Black History Month
 AfricanAmericanHistoryOnline.com Black History 

 

Articles

•  Home
•  Black History in the News
•  A Troubled Time
•  Affirmative Action
•  Andrew Jackson Beard
•  Barack Obama
•  Bass Reeves
•  Bessie Coleman
•  Black Power
•  Booker T. Washington
•  Brown vs. Board of Education
•  Buffalo Soldiers
•  Cab Calloway
•  Cathay Williams
•  Earl Lloyd
•  Emanuel Stance
•  Equal Opportunity Legislation
Eugene Jacques Bullard
Frederick Douglass
•  George Washington Carver
•  Granville T. Woods
•  Harriet Tubman
•  Jackie Robinson
•  Jarm Logue
•  Jermain Wesley Loguen
•  John Mercer Langston
•  Jordan & Ali
•  Juneteenth
•  Laughter That Heals
•  Leron Lee
•  Malcolm X
•  Marcus Garvey
•  Marian Wright Edelman
•  Martin Luther King Jr.
•  Martin Luther King Jr.'s Dream
•  Mary Elizabeth Mahoney
•  Memorial Day
•  Nat Turner
•  Negro League Baseball Museum
•  Rosa Parks
•  Sam Cooke
•  Sarah E. Goode
•  Slavery
•  Dr Solomon Carter
•  The Dred Scott Decision
•  The 13th Amendment
•  The 15th Amendment
•  The Halls of Power
•  The Harlem Renaissance
•  The Black American Soldier
•  The Rainbow Coalition
•  The Underground Railroad
•  Thurgood Marshall
•  Tousant L'Overture
•  Triumph at Berlin Olympics
•  Vivien T. Thomas
•  W.E.B. Du Bois
•  William Still


Shop
•  African American History Online Black History Store
•  100 African-Americans Who Shaped American History
•  1001 Things Everyone Should Know About African American History
•  African American Culture DVD Series
•  African American Firsts
•  Black History: From Civil War Through Today
•  Black History of the White House
•  Black Men Built the Capitol
•  Black Pioneers of Science and Invention
•  Creating Black Americans
•  Kid's Guide to African American History
•  Legacy: Treasures of Black History
•  Setting the Record Straight
•  more...







Cab Calloway
Cab CallowayCab Calloway 2

Cabell "Cab" Calloway III (December 25, 1907 – November 18, 1994) was a jazz singer and bandleader. He was strongly associated with the Cotton Club in Harlem, New York City, where he was a regular performer.

Calloway was a master of energetic scat singing and led one of the United States' most popular big bands from the start of the 1930s through to the late 1940s. Calloway's band featured performers including trumpeters Dizzy Gillespie and Adolphus "Doc" Cheatham, saxophonists Ben Webster and Leon "Chu" Berry, New Orleans guitar ace Danny Barker, and bassist Milt Hinton. Calloway continued to perform until his death in 1994 at the age of 86.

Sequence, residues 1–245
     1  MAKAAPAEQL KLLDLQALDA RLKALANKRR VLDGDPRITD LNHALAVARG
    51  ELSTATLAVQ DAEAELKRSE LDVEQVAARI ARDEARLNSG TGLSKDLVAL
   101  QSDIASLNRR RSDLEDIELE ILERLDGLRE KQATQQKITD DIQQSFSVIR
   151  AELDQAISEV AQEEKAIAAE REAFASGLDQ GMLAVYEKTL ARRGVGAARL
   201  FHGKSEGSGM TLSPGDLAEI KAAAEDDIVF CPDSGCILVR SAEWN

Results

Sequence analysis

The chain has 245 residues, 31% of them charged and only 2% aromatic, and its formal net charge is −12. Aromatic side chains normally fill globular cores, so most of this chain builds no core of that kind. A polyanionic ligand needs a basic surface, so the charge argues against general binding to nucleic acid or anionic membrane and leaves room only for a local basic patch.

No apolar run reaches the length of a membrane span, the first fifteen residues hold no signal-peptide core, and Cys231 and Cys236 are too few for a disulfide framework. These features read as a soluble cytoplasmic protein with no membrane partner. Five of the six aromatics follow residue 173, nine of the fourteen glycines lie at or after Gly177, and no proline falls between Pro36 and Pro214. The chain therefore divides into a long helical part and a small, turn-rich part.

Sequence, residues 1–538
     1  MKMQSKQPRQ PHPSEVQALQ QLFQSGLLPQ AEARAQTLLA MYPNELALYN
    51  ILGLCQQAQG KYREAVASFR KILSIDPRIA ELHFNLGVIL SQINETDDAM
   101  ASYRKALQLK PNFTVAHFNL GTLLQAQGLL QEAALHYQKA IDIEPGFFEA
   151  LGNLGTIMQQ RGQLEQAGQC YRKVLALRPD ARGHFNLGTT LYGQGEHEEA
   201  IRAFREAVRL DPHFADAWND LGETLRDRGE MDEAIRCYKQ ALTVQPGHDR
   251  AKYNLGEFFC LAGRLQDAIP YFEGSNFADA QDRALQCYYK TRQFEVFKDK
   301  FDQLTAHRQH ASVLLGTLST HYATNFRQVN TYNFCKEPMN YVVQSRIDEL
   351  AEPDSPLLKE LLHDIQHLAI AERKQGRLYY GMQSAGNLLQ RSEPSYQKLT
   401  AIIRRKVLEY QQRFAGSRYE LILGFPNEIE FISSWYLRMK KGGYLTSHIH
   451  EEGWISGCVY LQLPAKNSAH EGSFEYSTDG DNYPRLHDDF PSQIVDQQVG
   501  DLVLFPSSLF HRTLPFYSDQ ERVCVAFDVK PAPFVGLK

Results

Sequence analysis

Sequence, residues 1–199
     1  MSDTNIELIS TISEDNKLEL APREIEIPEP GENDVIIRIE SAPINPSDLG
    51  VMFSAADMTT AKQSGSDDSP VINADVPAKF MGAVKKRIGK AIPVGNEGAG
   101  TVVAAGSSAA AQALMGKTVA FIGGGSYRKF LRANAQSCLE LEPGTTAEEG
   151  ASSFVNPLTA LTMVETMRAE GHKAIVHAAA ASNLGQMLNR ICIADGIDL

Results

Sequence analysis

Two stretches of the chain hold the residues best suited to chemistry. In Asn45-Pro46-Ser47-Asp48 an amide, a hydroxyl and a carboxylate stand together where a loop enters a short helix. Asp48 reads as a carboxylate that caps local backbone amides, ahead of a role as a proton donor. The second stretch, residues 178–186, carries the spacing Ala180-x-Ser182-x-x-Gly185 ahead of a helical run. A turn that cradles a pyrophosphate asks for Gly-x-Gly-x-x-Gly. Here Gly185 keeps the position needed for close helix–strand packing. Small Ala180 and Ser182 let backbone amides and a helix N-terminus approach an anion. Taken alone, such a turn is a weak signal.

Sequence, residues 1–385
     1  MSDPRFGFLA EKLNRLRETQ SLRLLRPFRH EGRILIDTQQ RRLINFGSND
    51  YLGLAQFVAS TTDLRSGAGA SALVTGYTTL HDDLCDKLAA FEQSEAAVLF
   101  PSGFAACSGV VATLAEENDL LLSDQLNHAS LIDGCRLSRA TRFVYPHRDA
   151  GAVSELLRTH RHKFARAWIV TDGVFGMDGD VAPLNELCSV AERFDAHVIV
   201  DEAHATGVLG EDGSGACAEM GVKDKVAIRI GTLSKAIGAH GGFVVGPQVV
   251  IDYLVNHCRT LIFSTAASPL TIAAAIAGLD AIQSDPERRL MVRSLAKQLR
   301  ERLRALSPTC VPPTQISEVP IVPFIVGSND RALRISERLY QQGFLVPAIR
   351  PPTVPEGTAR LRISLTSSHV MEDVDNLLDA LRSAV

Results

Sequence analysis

Profile

Cab Calloway -- the legendary "Hi De Ho" man -- was a energetic showman, gifted singer, talented actor and trendsetting fashion plate. A truly "larger than life" figure in American pop culture, immortalized in cartoons and caricatures, Calloway also led one of the greatest bands of the Swing Era.


In 1930, he was hired to replace Duke Ellington at the exclusive Cotton Club in Harlem. His most famous song, Minnie the Moocher, was written in 1931 and sold over 1,000,000 copies. He was also known for the tunes Are You Hip To That Jive and Hi-De-Ho Man. His career including singing, songwriting, band leader and actor.

The band broke up in the 1940's when bad financial decisions (gambling problems) caught up with Cab. He would go on to appear on Broadway including an all-black Hello Dolly. In 1980, a new generation was introduced to 73-year-old Cab by way of the film The Blues Brothers.

 



In the 1950s Calloway moved his family from Long Island, New York in order to raise the three youngest of his five daughters in Greenburgh, New York. In his later career Calloway appeared in a number of films and stage productions that used both his acting and singing talents. In 1952 he played the prominent role of "Sportin' Life" in a production of the Gershwin opera, Porgy and Bess, with William Warfield and Leontyne Price as the title characters. Another notable role was "Yeller" in The Cincinnati Kid (1965), with Steve McQueen, Ann-Margret, and Edward G. Robinson.

Calloway appeared on The Ed Sullivan Show on March 19, 1967 with Chris Calloway. In 1967, Calloway co-starred opposite Pearl Bailey as Horace Vandergelder in an all-black cast change of Hello, Dolly! on Broadway during its original run. It revived the flagging business for the show and RCA released a new cast recording, rare for the time. In 1973–1974, Calloway was featured in an unsuccessful Broadway revival of The Pajama Game alongside Hal Linden and Barbara McNair.

1976 saw the release of his autobiography, Of Minnie the Moocher and Me (Crowell). It included his complete Hepsters Dictionary as an appendix.

Calloway attracted renewed interest in 1980 when he appeared as a supporting character in the film The Blues Brothers, performing "Minnie the Moocher", and again when he sang "The Jumpin' Jive" with the Two-Headed Monster on Sesame Street. This also was the year the cult movie Forbidden Zone was released, which included rearrangements of, and homages to, Calloway songs written by Calloway fan Danny Elfman, performed by Elfman and his band, The Mystic Knights of the Oingo Boingo.



Share |




Black History in the News | Privacy Policy

Black History Store © 2010-2017 AfricanAmericanHistoryOnline.com | Black History Store

Created by sliplink.net


Share |